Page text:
Leg 4

Springhouse -> Dawson Creek

Weather Tossed


A Blessing to our next Day TripThe evening before our departure from Springhouse brought another gush of rain. However, as if to comfort our worries, a beautiful rainbow stretched across the sky at the end of the trip. The next morning, all fueled up and packed we set off for the first larger leg north, destination Dawson Creek. A "soft field" take off was really called for after the last days rain. With the small wheels on our CT210 we had a fairly long ground roll but all that was required was to get into the air before the hedge. Overflying Watson Lake Airport (CYWL) we said good-bye to the controller who had briefed us on the weather the night before. Then we followed the upper section of the Fraser River past Quesnel, Prince George to Williston Lake. Getting closer to the Canadian part of the Rocky Mountains with peaks of about 7000 ft, we saw a layer of clouds stretching across our route. The Prince George controller gave us the latest information on the outlook for flying Pine Passage which stretched from Mackenzie to Dawson Creek (CYDQ). The pass was open but we might have to expect some wind, he said! 


Nature as an Artist Spread at different altitudes and spread out sideways, the first in our caravan of 9 planes entered the U-shaped cut in the mountains. The meandering stream with ponds and pastures under us was beautiful and we prepared ourselves for a picture taking trip in new territory. Then the first bumps hit - hard. There were many suggestions over our frequency where to find a calmer spot, but all were futile. Rather than being more calm, it was only more turbulent. As the U-shape of the valley turned into a V the ride got really rough. Up - Down - Rock the wings - the bucking Centurion flew like on an amusement park ride, we were tossed around uncontrollably. As we came to the first turn north there was a hole in the clouds. Blue sky is like a light to a moth. Is there the possibility to find a layer in between or should we go over the top before we were torn apart? One of the planes decided to go up and above and filed IFR to Dawson Creek. The rest of us however, decided to ride it out.


Lowering the gear to slow down into the safe speed range we played with the power to find the best altitude and maneuvered to what we think was the calmest spot in the valley. We have made it!! Keeping in touch with each other was an aviation exercise in itself as well as a mental workout. There was certainly not a moment to consider picking up the camera for pictures, of what?! It was already being tossed about the plane! About fifteen minutes later turning the U-shaped bend in the valley to the South, the wind felt it had toyed with us enough and let us resume a more orderly flight. The sparsely populated valley soon opened up into the flats with Dawson Creek in front. They call it the bread basket of BC. All of us had a lasting memory to take home, some asking themselves why they were on this trip. Later reviewing the experience we all felt more encouraged to keep on going and to enjoy the unique opportunity of this trip. Still remembering the weather briefer in Abbotsford, we now understand the warning we had received!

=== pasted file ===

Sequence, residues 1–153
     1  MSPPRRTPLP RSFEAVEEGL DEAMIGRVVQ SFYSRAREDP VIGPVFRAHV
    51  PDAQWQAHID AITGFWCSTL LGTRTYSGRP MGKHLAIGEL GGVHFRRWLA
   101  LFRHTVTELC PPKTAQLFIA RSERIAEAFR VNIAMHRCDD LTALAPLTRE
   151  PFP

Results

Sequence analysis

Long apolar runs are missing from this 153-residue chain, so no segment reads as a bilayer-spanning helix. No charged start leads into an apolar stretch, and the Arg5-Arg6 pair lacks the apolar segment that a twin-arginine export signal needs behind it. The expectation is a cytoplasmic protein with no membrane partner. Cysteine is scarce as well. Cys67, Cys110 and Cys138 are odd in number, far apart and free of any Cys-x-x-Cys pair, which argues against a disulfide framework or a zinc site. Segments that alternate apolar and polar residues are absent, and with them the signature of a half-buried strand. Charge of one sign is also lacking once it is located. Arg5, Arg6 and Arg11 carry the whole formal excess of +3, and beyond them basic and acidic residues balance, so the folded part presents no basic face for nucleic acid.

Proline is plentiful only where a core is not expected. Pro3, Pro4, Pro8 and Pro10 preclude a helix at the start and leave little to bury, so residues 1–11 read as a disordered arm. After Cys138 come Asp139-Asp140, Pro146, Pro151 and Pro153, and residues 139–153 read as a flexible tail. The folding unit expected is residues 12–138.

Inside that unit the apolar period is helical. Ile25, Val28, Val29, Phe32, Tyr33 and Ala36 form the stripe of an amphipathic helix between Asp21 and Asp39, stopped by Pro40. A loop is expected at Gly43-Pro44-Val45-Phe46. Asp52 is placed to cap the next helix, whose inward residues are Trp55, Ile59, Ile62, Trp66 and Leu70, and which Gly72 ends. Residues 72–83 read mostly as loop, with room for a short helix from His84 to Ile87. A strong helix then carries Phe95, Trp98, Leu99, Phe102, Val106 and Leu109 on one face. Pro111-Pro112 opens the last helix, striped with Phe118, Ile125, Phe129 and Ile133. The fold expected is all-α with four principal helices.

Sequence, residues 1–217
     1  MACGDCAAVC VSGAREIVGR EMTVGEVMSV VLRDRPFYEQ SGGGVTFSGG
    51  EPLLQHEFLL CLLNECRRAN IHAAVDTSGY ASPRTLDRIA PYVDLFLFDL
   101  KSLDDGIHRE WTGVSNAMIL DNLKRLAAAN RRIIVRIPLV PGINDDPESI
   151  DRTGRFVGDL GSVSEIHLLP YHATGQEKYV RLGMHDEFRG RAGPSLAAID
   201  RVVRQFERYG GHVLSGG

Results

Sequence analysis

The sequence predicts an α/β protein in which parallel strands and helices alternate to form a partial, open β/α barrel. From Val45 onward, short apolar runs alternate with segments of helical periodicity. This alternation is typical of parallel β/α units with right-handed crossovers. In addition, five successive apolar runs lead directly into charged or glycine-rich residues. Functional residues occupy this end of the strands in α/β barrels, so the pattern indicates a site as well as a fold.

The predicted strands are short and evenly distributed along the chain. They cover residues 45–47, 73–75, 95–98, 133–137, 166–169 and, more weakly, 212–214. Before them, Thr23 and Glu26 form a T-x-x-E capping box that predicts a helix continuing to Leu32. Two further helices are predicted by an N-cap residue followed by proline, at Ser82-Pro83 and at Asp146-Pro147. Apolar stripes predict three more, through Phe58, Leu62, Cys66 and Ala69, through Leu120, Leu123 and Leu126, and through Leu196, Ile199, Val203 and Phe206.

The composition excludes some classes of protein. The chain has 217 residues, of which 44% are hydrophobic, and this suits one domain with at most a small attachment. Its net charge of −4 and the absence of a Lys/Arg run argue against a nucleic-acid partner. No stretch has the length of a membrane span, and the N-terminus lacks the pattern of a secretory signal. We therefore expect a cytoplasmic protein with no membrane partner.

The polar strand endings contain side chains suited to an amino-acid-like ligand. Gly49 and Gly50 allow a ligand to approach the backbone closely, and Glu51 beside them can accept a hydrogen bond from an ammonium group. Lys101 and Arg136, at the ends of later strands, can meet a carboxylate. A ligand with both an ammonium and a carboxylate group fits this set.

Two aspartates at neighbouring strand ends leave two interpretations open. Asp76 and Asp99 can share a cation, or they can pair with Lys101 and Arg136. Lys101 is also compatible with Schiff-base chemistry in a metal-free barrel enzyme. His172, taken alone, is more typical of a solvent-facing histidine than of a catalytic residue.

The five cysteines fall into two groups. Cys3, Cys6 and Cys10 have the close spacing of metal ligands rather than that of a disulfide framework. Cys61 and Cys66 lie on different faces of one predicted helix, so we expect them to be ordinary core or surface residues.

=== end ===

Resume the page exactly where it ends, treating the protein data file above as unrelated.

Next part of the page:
Mile Zero of the Alaska HighwayDawson Creek seemed to like us. For the evening we were invited to a BBQ at the airport. The head of the tourist board explained to us in vivid descriptions the many attractions of Dawson Creek. The Historical Alaska Hotel And as if nature was in accordance the next morning a solid IFR cover kept us on the ground. We had time to do the many things one always has on that secret to-do list. The town of course is known as Mile Zero of the Alaskan Highway and in 1942 was one of the staging points in the construction of this important road.  Museums, historical buildings and structures are a reminder of that time. At the art gallery a local artist had preserved some beautiful moments when Springtime brought the colorful display of flowers.

Bitter Medicine not to be able to Fly
 At one of the shopping centers we browsed through the stores to see how the people of today supplied themselves and with the cold weather outside could not resist to stock up on sweaters.  An early dinner at the historical Alaska Hotel set us up and ready for the next day's departure.


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This page was serviced last on  12. July 2008